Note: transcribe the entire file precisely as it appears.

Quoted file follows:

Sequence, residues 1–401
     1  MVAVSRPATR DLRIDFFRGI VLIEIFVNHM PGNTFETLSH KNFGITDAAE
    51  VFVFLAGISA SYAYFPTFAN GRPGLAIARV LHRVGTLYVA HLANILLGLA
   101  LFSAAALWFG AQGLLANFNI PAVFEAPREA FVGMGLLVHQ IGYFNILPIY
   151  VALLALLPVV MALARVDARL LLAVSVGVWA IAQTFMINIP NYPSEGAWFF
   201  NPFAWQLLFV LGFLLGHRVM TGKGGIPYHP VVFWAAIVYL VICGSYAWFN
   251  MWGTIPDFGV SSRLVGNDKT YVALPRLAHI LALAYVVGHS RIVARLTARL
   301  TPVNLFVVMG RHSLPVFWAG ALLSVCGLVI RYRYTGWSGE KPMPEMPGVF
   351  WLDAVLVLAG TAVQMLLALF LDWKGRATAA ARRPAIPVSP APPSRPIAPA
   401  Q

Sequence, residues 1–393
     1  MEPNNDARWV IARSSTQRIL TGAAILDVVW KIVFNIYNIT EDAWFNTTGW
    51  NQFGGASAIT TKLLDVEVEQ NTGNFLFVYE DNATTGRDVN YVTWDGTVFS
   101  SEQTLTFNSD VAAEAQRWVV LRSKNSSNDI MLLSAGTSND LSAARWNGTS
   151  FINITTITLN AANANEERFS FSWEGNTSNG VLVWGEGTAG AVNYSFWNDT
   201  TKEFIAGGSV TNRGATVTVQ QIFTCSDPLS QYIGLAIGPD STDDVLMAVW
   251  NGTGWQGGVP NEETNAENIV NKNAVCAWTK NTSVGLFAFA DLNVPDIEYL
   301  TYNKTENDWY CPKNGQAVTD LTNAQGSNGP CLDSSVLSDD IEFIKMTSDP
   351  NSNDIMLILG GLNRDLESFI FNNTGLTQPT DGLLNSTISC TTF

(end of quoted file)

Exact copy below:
Sequence, residues 1–401
     1  MVAVSRPATR DLRIDFFRGI VLIEIFVNHM PGNTFETLSH KNFGITDAAE
    51  VFVFLAGISA SYAYFPTFAN GRPGLAIARV LHRVGTLYVA HLANILLGLA
   101  LFSAAALWFG AQGLLANFNI PAVFEAPREA FVGMGLLVHQ IGYFNILPIY
   151  VALLALLPVV MALARVDARL LLAVSVGVWA IAQTFMINIP NYPSEGAWFF
   201  NPFAWQLLFV LGFLLGHRVM TGKGGIPYHP VVFWAAIVYL VICGSYAWFN
   251  MWGTIPDFGV SSRLVGNDKT YVALPRLAHI LALAYVVGHS RIVARLTARL
   301  TPVNLFVVMG RHSLPVFWAG ALLSVCGLVI RYRYTGWSGE KPMPEMPGVF
   351  WLDAVLVLAG TAVQMLLALF LDWKGRATAA ARRPAIPVSP APPSRPIAPA
   401  Q

Sequence, residues 1–393
     1  MEPNNDARWV IARSSTQRIL TGAAILDVVW KIVFNIYNIT EDAWFNTTGW
    51  NQFGGASAIT TKLLDVEVEQ NTGNFLFVYE DNATTGRDVN YVTWDGTVFS
   101  SEQTLTFNSD VAAEAQRWVV LRSKNSSNDI MLLSAGTSND LSAARWNGTS
   151  FINITTITLN AANANEERFS FSWEGNTSNG VLVWGEGTAG AVNYSFWNDT
   201  TKEFIAGGSV TNRGATVTVQ QIFTCSDPLS QYIGLAIGPD STDDVLMAVW
   251  NGTGWQGGVP NEETNAENIV NKNAVCAWTK NTSVGLFAFA DLNVPDIEYL
   301  TYNKTENDWY CPKNGQAVTD LTNAQGSNGP CLDSSVLSDD IEFIKMTSDP
   351  NSNDIMLILG GLNRDLESFI FNNTGLTQPT DGLLNSTISC TTF